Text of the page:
Speaking of Bridesmaids, Feig cited Melissa McCarthy’s success as evidence of a powerful new emergence of women in film. “She has the potential to become an international star,” he said, “both men and women relate to her equally.”
“[Melissa McCarthy] is real life. She’s a lot more representative of women,” Regal Entertainment’s Amy Miles pointed out later in the discussion. McCarthy’s refreshing and wholly original screen presence is likely the culprit for her incredible success. “There’s a real hunger out there for originality,” Vanessa Morrison, President of Fox Animation Studios, revealed. She urged studios and distributors to be mindful of the need for more choices when it comes to women consumers, who make up half the movie going audience and are responsible for making the majority of choices about what movies their families watch.
When Hunger Games producer Nina Jacobsen first started in the film industry, there was a common – and yes, gravely archaic – adage that women will relate to male leads in movies, but men can’t relate to female stars. All panelists agreed that that myth is simply not true. The speakers unanimously praised studios and distributors for stoking the female profile in movies this past year with women-helmed projects like The Hunger Games, Snow White and the Huntsman, and Twilight.
At the end of the panel, Jacobsen turned to Geena Davis, who has played roles traditionally reserved for men, like the President of the United States and a famous baseball player. “I think Geena’s work has had an enormous effect. Part of the time it’s just getting people to notice…it is changing,” Jacobsen said, “and it will continue to change.” And we’re all very – very – thankful for that.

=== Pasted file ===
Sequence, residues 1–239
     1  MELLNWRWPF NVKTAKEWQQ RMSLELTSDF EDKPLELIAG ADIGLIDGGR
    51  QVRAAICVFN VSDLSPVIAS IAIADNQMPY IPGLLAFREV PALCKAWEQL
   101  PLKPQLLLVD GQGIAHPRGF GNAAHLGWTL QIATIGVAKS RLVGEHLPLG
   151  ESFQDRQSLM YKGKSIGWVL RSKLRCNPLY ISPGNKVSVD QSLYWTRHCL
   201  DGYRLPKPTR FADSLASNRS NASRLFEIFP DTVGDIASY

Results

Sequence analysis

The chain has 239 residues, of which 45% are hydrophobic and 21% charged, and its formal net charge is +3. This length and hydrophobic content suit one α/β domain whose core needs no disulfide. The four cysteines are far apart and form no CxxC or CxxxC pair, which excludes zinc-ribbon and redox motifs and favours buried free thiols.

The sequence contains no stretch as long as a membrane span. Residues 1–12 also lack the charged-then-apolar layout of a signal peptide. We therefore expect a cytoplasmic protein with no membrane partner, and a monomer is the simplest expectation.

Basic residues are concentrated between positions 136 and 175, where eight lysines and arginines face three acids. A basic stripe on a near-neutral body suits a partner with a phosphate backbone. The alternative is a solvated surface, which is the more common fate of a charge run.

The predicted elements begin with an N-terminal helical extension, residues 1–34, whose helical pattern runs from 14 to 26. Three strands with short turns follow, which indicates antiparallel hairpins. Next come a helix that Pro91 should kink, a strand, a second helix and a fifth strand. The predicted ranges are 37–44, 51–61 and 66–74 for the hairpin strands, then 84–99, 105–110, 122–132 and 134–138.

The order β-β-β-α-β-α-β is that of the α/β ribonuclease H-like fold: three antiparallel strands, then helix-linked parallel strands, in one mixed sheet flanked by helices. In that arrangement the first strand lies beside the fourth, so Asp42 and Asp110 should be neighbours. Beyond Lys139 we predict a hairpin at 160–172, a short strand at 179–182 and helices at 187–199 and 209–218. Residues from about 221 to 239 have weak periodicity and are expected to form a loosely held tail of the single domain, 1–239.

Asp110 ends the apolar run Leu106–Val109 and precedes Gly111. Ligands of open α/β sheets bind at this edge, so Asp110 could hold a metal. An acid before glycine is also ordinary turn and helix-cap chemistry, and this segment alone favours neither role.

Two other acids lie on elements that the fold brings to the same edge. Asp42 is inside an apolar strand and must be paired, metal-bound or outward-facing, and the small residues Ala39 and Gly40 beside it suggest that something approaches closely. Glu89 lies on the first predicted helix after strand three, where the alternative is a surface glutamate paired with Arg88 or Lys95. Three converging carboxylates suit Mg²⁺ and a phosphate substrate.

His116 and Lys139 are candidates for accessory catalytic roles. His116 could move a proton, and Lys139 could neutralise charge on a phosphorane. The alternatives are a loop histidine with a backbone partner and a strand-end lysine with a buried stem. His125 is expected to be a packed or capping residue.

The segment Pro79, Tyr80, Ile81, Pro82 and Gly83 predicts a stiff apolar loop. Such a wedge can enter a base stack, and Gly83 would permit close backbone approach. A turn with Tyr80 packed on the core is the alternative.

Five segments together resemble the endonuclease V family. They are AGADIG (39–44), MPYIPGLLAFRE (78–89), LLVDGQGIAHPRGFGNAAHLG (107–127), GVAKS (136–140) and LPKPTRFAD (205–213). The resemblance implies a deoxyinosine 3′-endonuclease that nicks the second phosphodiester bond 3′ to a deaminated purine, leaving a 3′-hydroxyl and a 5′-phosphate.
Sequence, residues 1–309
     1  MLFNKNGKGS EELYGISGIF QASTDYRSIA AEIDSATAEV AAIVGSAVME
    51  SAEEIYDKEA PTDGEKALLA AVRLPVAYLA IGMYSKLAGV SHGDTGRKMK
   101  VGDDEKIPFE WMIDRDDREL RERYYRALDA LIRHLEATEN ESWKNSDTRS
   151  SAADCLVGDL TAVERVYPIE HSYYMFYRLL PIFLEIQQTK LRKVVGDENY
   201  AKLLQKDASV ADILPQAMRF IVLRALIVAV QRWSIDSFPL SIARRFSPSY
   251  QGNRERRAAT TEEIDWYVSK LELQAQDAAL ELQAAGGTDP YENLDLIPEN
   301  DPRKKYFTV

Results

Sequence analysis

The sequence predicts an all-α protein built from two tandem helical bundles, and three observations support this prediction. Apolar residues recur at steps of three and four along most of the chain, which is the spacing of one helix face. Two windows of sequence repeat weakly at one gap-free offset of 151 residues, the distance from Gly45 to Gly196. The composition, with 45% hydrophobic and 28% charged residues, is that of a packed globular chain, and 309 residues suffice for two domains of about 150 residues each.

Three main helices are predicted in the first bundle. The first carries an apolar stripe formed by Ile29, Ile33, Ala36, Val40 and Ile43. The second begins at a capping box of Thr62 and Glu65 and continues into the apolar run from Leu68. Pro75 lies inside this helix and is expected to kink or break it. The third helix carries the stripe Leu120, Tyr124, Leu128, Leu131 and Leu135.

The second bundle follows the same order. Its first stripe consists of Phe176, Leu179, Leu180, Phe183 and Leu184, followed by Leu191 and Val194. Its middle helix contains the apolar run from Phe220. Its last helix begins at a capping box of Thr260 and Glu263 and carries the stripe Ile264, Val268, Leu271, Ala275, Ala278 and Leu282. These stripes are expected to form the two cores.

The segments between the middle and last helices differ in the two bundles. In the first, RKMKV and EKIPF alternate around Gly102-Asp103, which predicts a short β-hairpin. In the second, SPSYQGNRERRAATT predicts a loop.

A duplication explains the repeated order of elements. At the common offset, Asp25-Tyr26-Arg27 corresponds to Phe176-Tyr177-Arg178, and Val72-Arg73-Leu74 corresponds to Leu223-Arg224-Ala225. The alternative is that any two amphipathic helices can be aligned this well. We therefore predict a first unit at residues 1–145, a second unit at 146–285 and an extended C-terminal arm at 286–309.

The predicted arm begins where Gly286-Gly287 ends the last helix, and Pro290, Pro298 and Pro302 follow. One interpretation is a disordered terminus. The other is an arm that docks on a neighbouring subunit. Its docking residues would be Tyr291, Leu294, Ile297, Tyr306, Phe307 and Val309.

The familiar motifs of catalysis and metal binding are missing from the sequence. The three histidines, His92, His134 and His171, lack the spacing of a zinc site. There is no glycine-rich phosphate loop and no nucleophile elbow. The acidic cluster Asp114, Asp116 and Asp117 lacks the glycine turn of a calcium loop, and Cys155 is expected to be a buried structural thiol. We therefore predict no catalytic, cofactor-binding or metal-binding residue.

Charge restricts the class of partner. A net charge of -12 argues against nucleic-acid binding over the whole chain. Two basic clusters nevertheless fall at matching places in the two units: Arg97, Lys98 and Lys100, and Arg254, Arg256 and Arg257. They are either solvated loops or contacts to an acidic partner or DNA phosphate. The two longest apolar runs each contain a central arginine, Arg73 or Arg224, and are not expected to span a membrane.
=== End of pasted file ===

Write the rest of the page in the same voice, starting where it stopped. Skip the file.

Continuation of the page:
Studio Spotlight: Fox and Lionsgate Pull Out All The Stops With Respective Studio Reels.
Thursday’s studio reels left everyone, well, reeling. Fox has an impressive roster of films this year – from The Secret Life of Walter Mitty to of course, Paul Feig’s The Heat, featuring Sandra Bullock and the always-hilarious Melissa McCarthy. Audiences were more than enthralled by the in-person appearances by Sandra Bullock and Melissa McCarthy (The Heat), along with Kristen Wiig and Ben Stiller (The Secret Life of Walter Mitty).
Lionsgate gave a primarily comedic performance, thanks to Kevin Hunt who has a comedy feature, Let Me Explain, debuting in July. Other Lionsgate highlights? Morgan Freeman hit the stage to promote his upcoming flick Now You See Me, while Elizabeth Banks and Liam Hemsworth showed up to promote the highly anticipated sequel, The Hunger Games: Catching Fire. And last but by no means least, Harrison Ford took center stage to show off his new film, Ender’s Game. Don’t worry, we have the Hunger Games 2 trailer for your viewing pleasure here:
The night concluded with the epic star-studded "Big Screen Achievement Awards" which honored icons like Joseph Gordon-Levitt, Morgan Freeman, Elizabeth Banks, Vince Vaughn, Owen Wilson, Harrison Ford, and Melissa McCarthy. Plus, the Fandago Fan Choice Award of 2012 was unveiled, and it was (drum roll please….): The Hunger Games!
All in all, it’s been a great week here at CinemaCon. Dynamic panels, Hollywood stars, and industry heavyweights have helped make this is a truly unforgettable week to celebrate the magic of movies. Are we already anticipating CinemaCon 2014? You bet.
Feature image credit: Sandra Bullock and Melissa McCarthy. Photo by Ryan Miller/Capture Imagining, courtesy of CinemaCon